RICHIE FAULKNER: drums for next JUDAS PRIEST album are recorded
In a new interview with the “Metal From The Inside” podcast, JUDAS PRIEST guitarist Richie Faulkner spoke about the progress of the songwriting sessions for the band’s follow-up to 2018’s “Firepower” album. He said: “It’s still in the process. And it’s been slowed down a lot because of, obviously, the pandemic. We wanted to get together, like we did on ‘Firepower’, and record it together, but, obviously, the lockdowns and everything like that slowed that process [down]. Some of us live in the U.S., some of us live in the U.K., so getting together proved to be a bit difficult over the last couple of years. Now everything is kind of opening up, it’s a bit easier, but now we’re on the road, so we’ve got a touring cycle [to get through]. So, if we can, we might be able to do it in between the touring cycles.”
As for when fans can expect to get the next PRIEST album, Faulkner said: “We don’t have a release date. It’s not finished. We’ve got the songs, but we’ve gotta record it. We’ve got drums down. I don’t know if that’s even been said yet. So we’re gonna try and build it up as we move through this touring cycle. But as Rob [Halford, PRIEST singer] always says, it’ll be finished when it’s finished. At this point in their career, there’s no point in rushing anything, especially when we’ve waited this long through the pandemic to start doing it. It’ll be done when it’s done. But there will be another PRIEST record. We’ve got some great songs.”
Regarding the musical direction of the new PRIEST material, Richie said: “It’s different to ‘Firepower’, but it’s definitely… You can hear where it’s coming from. It’s not even ‘Firepower 2’… It’s hard to say anything these days without people getting… If I say it’s like a continuation of ‘Firepower’, people think it’s ‘Firepower 2’. It’s got its own character, it’s got its own legs, and we’re looking forward to releasing it on to the world when it’s done.”
Last month, Halford was asked by Remy Maxwell of Audacy Check In if he agreed with Faulkner’s recent comment that the band’s upcoming album will be more musically “progressive” than “Firepower”. He responded: “Yeah, the metal is there. But here’s the thing: we’ve tried our best not to replicate anything that we’ve done. From ‘Rocka Rolla’ all the way through to ‘Firepower’, each record has had a distinctive character. And it’s tough because fans go, ‘We want another ‘Painkiller’,’ ‘We want another ‘British Steel’.’ And [it’s, like], ‘Dude, we’ve already done that.’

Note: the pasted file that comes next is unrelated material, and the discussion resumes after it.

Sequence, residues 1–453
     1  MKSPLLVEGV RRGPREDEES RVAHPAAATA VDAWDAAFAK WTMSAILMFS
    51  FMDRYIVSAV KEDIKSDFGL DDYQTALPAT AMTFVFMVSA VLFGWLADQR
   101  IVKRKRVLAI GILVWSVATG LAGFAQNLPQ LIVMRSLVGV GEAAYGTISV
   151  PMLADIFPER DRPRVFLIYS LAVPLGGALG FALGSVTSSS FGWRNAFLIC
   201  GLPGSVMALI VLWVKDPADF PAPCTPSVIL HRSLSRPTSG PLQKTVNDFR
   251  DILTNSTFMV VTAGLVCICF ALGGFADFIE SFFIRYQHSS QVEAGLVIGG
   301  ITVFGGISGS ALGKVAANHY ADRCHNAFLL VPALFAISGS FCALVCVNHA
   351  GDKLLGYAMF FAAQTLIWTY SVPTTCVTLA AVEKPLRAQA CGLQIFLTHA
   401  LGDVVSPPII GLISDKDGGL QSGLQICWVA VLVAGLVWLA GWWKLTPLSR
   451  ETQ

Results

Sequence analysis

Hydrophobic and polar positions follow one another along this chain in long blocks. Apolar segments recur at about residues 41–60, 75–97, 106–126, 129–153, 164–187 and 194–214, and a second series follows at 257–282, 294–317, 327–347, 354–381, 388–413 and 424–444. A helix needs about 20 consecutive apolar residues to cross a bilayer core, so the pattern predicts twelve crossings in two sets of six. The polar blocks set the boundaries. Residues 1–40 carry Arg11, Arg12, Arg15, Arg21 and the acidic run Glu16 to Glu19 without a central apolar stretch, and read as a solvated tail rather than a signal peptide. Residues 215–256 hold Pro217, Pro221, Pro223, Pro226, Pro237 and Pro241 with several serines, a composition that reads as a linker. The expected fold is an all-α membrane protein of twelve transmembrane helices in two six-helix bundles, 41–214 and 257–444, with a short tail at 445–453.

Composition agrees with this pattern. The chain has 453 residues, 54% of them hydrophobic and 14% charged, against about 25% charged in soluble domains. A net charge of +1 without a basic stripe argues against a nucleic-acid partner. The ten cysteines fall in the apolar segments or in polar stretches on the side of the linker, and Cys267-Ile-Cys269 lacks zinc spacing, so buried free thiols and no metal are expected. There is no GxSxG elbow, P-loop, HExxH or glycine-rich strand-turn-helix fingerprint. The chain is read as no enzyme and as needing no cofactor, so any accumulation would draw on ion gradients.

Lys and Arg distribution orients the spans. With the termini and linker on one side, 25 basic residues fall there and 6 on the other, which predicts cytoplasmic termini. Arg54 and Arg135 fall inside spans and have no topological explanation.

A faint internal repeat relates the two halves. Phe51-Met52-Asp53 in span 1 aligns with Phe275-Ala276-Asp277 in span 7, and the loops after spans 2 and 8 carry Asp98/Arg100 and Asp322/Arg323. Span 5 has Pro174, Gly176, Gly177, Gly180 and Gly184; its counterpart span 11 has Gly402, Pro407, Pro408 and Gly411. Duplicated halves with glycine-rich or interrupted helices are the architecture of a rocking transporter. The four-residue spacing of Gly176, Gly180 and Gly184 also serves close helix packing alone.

“Fans know that we’re a band that is always full of adventure and trying new stuff,” he continued. “And so, yeah, this has got probably some more progressive elements that we’ve never really delved into before. And that’s exciting, because, again, it gives us and our fans another opportunity to see a different side of PRIEST. But it’s still metal. There’s just more of it. There are more notes than there were before.”
Earlier last month, Faulkner told Canada’s The Metal Voice about the overall sound of the new PRIEST music: “Whenever you start a record, you never know how it’s gonna turn out. So you might start with an idea of what it’s gonna be, and as it kind of rolls on, it comes out something different. So you don’t quite know. And also it’s really hard to sum up your own music, I find, without sounding really pretentious. But I think this one — it’s not ‘Firepower 2’, I don’t think. It’s its own thing, it’s its own animal. If anything, I would say it’s a bit more progressive in places, and in places it’s got a bit more of that ‘Killing Machine’ swagger.”
Faulkner added: “I know everyone says, ‘Oh, is it the next ‘Painkiller’?’ or ‘Is it the next…?’ whatever… I don’t know if they’d ever done it, but I know we’ve never done it when I’ve been in the band; we’ve never tried to recreate an album. It’s always we try to create an album that stands on its own legs. So I think it’s definitely a little bit more progressive than ‘Firepower’ and, as I said, in places it’s got a little bit of that ‘Killing Machine’ angry swagger attitude going on. But again, as I said, we’re waiting to see what it turns out like, ‘cause it could turn out completely different.”
A year ago, Halford confirmed that PRIEST’s next album will see the band reuniting with the “Firepower” production team consisting of Andy Sneap, longtime collaborator Tom Allom and engineer Mike Exeter (BLACK SABBATH).
Bassist Ian Hill is the sole remaining original member of PRIEST, which formed in 1969. Halford joined the group in 1973 and guitarist Glenn Tipton signed on in 1974. Rob left PRIEST in the early 1990s to form his own band, then came back to PRIEST in 2003. Founding guitarist K.K. Downing parted ways with the band in 2011, and was replaced by Faulkner.
Tipton was diagnosed with Parkinson’s disease eight years ago after being stricken by the condition at least half a decade earlier. Tipton announced in early 2018 he was going to sit out touring activities in support of “Firepower”. He was replaced by Sneap, who is also known for his work in NWOBHM revivalists HELL and cult thrash outfit SABBAT.
Faulkner suffered an acute cardiac aortic dissection during the band’s performance at the Louder Than Life festival in late September. He was was rushed to the UofL Health – Jewish Hospital where the cardiothoracic surgery team needed approximately 10 hours to complete a life-saving surgery.